Discovering the unknown is easiest when viewing from a great height: you see the bigger picture and don’t get lost in details. There is no better place for a tour d'horizont of Brazil, with its 8.5 million square kilometers and 200 million people, than the top of the Sugarloaf in Rio de Janeiro. The breathtaking view contains the Jesus statue in front, the marvelous long beaches of Copacabana and Ipanema, and the favelas climbing up the mountains.
With a world-beating Caipirinha in hand and the sunset to my front, I smile at the Goldman Sachs super-analysts and other Wall Street gurus who have carved out Brazil, Russia, India and China into the ‘BRIC states’, so combining dynamic growth and investment opportunities into one basket. They are as wrong as they were by failing to predict the subprime crisis in 2008: each BRIC country is very different in history, mentality, opportunities, risks and opportunities.
Is Brazil really the superstar of the 21st century along with China?
What would a stress test reveal of this South American country?
Brazil has good chances of prosperity: a large population with dynamic growth, ranking now No. 8 in GNP worldwide. The climate is moderate, almost any kind of crop grows in large quantities, and there are newly discovered oil reserves in the Atlantic.
However, Brazil contains several risk factors and roadblocks to growth which I believe are very serious, making me more skeptical than the BRIC enthusiasts on Wall Street.
First, the education level in Brazil is breathtaking poor above the early grades of school. With no focus on teaching English, the language of the internet age, most Brazilians lock themselves out of global knowledge flows – even many Brazilan businessmen, politicians and intellectuals. India, China and even Russia are very different: the language of the elites is English. Everybody is eager to learn English and send their children to the best international schools possible.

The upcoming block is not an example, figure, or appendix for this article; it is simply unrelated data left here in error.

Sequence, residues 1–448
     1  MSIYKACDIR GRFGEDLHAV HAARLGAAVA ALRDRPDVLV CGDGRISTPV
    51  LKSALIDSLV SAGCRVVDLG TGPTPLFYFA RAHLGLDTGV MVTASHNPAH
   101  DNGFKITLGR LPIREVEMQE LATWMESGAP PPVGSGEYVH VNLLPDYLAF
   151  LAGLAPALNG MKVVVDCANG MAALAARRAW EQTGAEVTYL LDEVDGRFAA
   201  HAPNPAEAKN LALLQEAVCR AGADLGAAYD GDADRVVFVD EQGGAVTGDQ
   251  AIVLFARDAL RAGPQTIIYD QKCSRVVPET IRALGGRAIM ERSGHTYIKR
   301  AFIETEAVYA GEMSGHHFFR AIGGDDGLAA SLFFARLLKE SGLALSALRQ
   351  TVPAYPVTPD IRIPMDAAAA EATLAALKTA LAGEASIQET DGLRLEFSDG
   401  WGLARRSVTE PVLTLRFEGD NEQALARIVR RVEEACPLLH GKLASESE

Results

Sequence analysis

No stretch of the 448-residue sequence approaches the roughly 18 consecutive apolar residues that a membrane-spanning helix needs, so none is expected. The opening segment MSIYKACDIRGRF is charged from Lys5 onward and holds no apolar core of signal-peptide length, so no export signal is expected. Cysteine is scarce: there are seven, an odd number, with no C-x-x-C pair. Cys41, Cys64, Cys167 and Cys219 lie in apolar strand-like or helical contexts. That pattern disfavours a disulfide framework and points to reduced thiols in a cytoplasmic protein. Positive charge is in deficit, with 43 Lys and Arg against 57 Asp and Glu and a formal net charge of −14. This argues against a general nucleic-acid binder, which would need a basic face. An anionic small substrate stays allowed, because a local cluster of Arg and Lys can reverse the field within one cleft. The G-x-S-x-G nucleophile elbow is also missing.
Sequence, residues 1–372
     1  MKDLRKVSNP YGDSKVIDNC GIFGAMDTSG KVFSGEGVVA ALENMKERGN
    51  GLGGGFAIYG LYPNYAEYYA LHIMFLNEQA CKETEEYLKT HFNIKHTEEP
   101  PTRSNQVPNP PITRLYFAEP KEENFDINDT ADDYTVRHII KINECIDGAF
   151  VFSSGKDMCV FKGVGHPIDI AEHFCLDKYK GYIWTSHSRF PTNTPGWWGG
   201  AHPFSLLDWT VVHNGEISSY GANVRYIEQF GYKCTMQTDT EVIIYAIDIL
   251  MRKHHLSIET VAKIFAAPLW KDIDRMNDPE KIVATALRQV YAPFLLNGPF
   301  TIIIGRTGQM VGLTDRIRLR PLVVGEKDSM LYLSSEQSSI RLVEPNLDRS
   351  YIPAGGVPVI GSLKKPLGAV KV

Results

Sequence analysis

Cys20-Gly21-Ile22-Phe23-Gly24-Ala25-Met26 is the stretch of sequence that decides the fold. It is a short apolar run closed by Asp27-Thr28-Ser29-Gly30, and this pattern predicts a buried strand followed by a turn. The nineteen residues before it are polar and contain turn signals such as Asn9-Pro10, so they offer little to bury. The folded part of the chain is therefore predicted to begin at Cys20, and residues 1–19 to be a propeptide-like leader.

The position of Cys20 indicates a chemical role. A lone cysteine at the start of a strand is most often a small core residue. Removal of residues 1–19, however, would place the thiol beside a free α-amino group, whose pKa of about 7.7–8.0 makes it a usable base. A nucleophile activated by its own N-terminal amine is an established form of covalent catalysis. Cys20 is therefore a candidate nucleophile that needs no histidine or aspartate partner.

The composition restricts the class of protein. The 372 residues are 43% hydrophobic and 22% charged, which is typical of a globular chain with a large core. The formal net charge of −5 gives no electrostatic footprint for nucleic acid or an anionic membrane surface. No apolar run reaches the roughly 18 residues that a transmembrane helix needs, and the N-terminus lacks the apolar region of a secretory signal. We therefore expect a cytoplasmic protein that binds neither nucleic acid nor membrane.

Brazil’s universities are underdeveloped, as are the business schools. The largest South American country still suffers with a rotten higher education system that does not promote know-how as the main source of growth. Standards of craftsmen, engineers, and managers are still too low, as are products and services compared with China, India or Russia.
Only the few rich travel abroad, and for most Brazilians there is little outside except perhaps Portugal, its former colonial master. This geographical and social isolation differentiates Brazil from India, China or Russia, all of whom reach out to the U.S. and Europe more.
Even so, Brazil remains overpriced; not only luxury goods but tourism and the costs of daily living too. Combined with low quality standards, this is dangerous for any national economy as it suggests an isolation from other world economies.
The average Brazilian businessman still hesitates to re-invest what is needed to keep factories and facilities modern, and many squeeze investments for short term cash. This leads to under-investment in many sectors, and older factories than those in India and China.